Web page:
Both players have a large contingent of supporters on the rail, but one can’t help but pull for Farber in this scenario. After all, he’s looking to become the first amateur ME winner since Jerry Yang did it back in 2007. And assuming Farber can duplicate this amateur-to-WSOP-champ rise, it would make for a great story….a story which could inspire thousands of recreational players to take up the game.

Contrast this to Riess, who’s your typical college-to-online-poker-pro story. The 23-year-old, who found online poker during his MSU days, seems like a pretty cool guy. But on the other hand, young-internet-pro stories just don’t attract people to the game like amateur champions do.

This being said, it’ll certainly be fun to see if Farber can hold on to his chip lead and give the poker world another amateur champ. Make sure to catch the coverage today on ESPN2, which starts at 9:00 ET.

Joe Hachem: From PokerStars to AsianLogic

Sunday, January 22nd, 2012

2005 WSOP Main Event champion Joe Hachem definitely raised some eyebrows when he chose not to renew his sponsorship/endorsement contract with PokerStars. Seeing as how PokerStars is the world’s biggest poker site, one would think he’d have stayed put here.

Then came the rumors that the Aussie had signed on with a little known Merge Gaming Network site known as HahaPoker. This definitely got people talking because of the disparity of the move from PokerStars to HahaPoker. However, this has definitely been proven as a rumor following Hachem’s announcement that he will be signing with the AsianLogic Group.

If you’re unfamiliar with AsianLogic, they are best known for operating the Asian Poker Tour, and they also provide software services for online poker sites and other gaming entities. As for Hachem’s role within this company, he shed a little light on the subject by saying, “I am delighted to announce that I have decided to partner with a consortium comprising the AsianLogic Group and some of their contemporaries.” He added, “I will be working with the group in several areas, initially as a new ambassador for the Asian Poker Tour to further the growth of poker and to assist them with several strategic opportunities in Australia and the Asia Pacific region.”

AsianLogic’s chairman, Tom Hall, expanded on Hachem’s role with his company by saying, “Joe brings much more to the table than just his poker playing skills. His knowledge and understanding of the gaming industry both domestically and internationally will be invaluable to us going forwards.” He also said, “The Asian Poker Tour is already widely recognized as Asia’s only independent tour and we feel Joe will be able to help us expand this business. AsianLogic and its partners are also involved in a number of poker and gaming projects and Joe is helping us with some of these, particularly those in Australia and New Zealand.”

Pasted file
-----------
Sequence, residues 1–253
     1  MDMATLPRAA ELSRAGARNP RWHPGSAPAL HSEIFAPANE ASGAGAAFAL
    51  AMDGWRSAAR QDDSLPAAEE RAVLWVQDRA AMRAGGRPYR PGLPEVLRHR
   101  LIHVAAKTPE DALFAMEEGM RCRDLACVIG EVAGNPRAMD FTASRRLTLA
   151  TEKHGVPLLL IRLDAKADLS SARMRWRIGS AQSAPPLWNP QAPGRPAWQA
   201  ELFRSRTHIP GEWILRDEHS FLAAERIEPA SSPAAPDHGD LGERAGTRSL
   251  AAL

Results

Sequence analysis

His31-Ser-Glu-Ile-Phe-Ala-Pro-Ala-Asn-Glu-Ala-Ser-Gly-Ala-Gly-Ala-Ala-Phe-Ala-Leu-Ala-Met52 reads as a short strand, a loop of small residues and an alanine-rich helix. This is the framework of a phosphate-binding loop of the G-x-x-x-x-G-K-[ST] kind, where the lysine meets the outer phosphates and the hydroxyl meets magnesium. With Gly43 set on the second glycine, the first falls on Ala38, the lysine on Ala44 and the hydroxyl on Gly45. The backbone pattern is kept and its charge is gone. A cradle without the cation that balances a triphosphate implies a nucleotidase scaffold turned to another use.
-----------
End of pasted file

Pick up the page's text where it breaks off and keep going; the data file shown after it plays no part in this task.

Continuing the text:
It’s no surprise that Joe Hachem would sign a sponsorship deal so quickly since he’s not only the 2005 WSOP Main Event winner, but also ninth in career poker tournament winnings with $11,342,508. Considering that almost $3.9 million of this has come away from the Main Event winnings, Hachem is definitely one of the most successful ME winners of all-time.

2011 WSOP Final Table is True International Affair

Friday, July 22nd, 2011

Over the past decade, we’ve seen plenty of international players make deep runs in the WSOP Main Event. Joe Hachem (Australia, 2005), Peter Eastgate (Denmark, 2008) and Jonathan Duhamel (Canada, 2010) are all non-American Main Event winners who perfectly illustrate this fact. However, we have yet to see a WSOP Main Event that’s featured as many global participants as the 2011 Main Event. The non-US players involved include Martin Staszko (Czech Replublic), Eoghan O’Dea (Ireland), Badih Bou-Nahra (Belize), Anton Makiievskiy (Ukraine), Piuz Heinz (Germany), Samuel Holden (United Kingdom), while the Americans include Phil Collins, Matt Giannetti and Ben Lamb.

As you can see, a rare occurrence has happened where US players are outnumbered 2-1 on the Main Event final table. If you’re good at math, you can see that there’s a two-thirds chance that an international player will win the world’s biggest poker tournament this year. But no matter who wins, the number of people who’ve flown to Las Vegas from different countries is pretty impressive.

Looking at things from an even bigger perspective, the final table makeup perfectly exemplifies how global poker has become with six players joining the November Nine. After all, it’s not exactly cheap for pros to fly to Sin City for this poker extravaganza, and the buy-ins don’t make things any more affordable.

Even still, thousands of international players have anted up $1k, $3k, $5k and $10k buy-ins to play in the 2011 WSOP. And you can definitely count on this trend continuing – especialy in the Pot Limit Omaha sector, where Europeans seem to have claimed this game for their own. Getting back to the subject, it will be interesting to see if we have yet another non-American Main Event winner come November.